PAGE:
Butternut-Tangerine Soup

butternut

Demoed on Fox5 News Feb. 26, 2014

This soup is sweet and tangy and, with the topping, crunchy and sour.  All these flavors and textures roll around in your mouth and make you want to just keep eating it. Its color is gorgeous too. Danielle demoed this before a large audience at Brookside Gardens February 19, 2014. Read More


Saffron Raspberry “Compote”

photo 1Danielle spent Saturday at the US Botanic Gardens, participating in the Junior Botanist Festival and whipping up this quick dish to showcase saffron. Saffron is extracted from the crocus flower, a very labor-intensive process, making it the most expensive spice in the world. However, its wonderful aromatic flavor and intense color translate into a little goes a long way.

Great as a dessert with vanilla ice cream or whipped cream, great for breakfast with Greek yogurt or equally great as an accompaniment to a varied cheese platter. Serve this instead of grapes and apple slices.

2 baskets/containers raspberries  (½ lb.)

½ t natural cane sugar

1/16 t saffron threads (about 20 threads)

¼ t vanilla extract

3 T olive oil

Zest and juice of 1 lemon

½ C golden raisins or chopped dates

½ C sliced almonds, toasted

Additional cane sugar—to taste (optional)

Pick over the berries, discarding any that are damaged or moldy. Place in a serving bowl.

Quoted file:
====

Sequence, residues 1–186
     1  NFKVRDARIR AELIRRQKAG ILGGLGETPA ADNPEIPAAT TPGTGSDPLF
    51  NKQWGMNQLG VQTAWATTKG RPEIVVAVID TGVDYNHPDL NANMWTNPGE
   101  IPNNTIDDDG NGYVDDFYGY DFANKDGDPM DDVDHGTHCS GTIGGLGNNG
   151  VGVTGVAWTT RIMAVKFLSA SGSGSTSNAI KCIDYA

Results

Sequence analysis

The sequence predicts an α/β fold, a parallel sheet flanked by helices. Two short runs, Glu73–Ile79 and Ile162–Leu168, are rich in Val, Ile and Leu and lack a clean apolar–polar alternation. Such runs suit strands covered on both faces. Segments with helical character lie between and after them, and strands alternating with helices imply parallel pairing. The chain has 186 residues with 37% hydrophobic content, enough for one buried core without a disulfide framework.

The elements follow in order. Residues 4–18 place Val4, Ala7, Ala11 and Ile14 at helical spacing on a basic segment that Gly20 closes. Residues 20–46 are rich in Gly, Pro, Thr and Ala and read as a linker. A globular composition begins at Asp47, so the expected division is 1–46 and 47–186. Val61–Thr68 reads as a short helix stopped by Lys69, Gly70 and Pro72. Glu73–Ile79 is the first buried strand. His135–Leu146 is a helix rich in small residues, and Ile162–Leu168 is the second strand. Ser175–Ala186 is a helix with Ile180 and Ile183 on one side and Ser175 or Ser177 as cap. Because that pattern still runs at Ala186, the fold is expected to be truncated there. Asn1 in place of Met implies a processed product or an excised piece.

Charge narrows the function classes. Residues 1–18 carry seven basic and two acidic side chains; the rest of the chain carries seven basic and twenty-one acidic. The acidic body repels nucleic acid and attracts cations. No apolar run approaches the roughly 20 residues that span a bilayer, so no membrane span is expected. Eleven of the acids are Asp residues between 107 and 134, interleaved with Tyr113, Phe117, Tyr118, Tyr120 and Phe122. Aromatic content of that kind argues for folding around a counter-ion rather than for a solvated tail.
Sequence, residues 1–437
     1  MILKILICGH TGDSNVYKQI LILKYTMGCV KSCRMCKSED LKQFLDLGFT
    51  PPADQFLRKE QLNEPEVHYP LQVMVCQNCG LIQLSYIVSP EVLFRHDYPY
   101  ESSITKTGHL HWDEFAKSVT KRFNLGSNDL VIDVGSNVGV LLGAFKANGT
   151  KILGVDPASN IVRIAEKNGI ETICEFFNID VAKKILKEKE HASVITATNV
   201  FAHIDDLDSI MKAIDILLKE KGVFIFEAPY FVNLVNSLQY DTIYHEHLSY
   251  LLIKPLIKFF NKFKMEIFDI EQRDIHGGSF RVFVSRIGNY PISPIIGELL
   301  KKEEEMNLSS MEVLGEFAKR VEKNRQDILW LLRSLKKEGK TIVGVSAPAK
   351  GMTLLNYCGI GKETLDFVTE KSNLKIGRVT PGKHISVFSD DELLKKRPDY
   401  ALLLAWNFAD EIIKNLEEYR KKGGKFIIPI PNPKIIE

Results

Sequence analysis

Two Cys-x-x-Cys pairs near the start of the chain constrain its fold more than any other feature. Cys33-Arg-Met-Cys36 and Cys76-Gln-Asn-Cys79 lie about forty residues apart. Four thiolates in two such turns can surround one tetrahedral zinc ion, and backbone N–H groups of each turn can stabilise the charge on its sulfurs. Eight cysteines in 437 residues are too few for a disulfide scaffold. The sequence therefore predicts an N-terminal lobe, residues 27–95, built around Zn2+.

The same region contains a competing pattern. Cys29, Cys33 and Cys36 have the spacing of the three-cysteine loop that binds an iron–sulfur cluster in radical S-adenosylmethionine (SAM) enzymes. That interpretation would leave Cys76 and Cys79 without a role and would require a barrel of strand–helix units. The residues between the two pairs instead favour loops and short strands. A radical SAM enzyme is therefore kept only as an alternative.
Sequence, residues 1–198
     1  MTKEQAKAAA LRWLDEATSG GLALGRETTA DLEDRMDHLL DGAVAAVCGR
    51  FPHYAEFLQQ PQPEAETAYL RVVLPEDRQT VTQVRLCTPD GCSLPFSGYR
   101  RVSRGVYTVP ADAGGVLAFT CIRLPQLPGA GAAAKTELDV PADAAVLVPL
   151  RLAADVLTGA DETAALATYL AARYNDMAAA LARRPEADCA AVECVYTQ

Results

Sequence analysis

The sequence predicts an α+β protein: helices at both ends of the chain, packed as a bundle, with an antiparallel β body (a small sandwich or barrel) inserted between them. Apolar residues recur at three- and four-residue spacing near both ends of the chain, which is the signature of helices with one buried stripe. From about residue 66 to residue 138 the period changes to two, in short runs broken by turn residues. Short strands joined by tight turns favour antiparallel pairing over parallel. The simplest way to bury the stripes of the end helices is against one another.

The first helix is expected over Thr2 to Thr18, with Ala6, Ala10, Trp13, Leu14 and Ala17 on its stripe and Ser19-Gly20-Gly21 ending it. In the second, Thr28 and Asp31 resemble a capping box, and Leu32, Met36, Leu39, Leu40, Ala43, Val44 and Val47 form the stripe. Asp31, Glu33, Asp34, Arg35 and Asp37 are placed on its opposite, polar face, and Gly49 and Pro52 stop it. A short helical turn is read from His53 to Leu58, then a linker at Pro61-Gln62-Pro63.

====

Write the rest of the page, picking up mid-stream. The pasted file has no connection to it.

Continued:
Use a mortar and pestle to grind the sugar and saffron threads into a powder. Transfer to a small mixing bowl and add the vanilla extract, olive oil, lemon juice and lemon zest. Stir well and add to the berries, tossing gently but coating well. Add the raisins and almonds, stirring gently again. You want a few berries to break up, but not much more than that. Add more sugar if desired. Let sit 30 minutes before serving. Serves 4.


Spinach Matzo Balls in Saffron Broth

saffron fieldsLet me tell you my saffron story.  The lovely Evangeline, Adrienne’s globe-trotting daughter, was traveling in Morocco and the ONLY thing her mom requested was to bring back some Moroccan saffron.  Regaling her parents with her adventures in the saffron fields outside of Marrakesh only made the request more justified and the desire for the spice more urgent.  Some weeks later, just in time for Thanksgiving, Evangeline arrived at Dulles with Adrienne eagerly awaiting the prodigal child.  The first thing I asked of her — the very first thing, even before, “How was your flight?” — was “So, did you get the saffron?” Evangeline’s stricken look did not need underscoring with the sad retelling of why no saffron was forthcoming.

In the ensuing weeks, nearly daily references, usually accompanied by a long sigh, to the absent saffron seemed the only way to assuage my grief.  Then, on Christmas morning, Evangeline handed me a small, carefully wrapped package.  In it, I found a small bottle of precious saffron from those self-same fields of blue outside of Marrakesh.saffron sorting

Way to keep a secret!

A sophisticated, company-dinner variation on the old (one could say ancient) stand-by, these lovely matzoh balls floating in flavor-rich saffron broth can served as a starter for Passover dinner.  Expect to pay $20/gram (3 teaspoons) for the high-quality, flavor-packed saffron this recipe begs for.  We adapted this recipe from Epicurious. Read More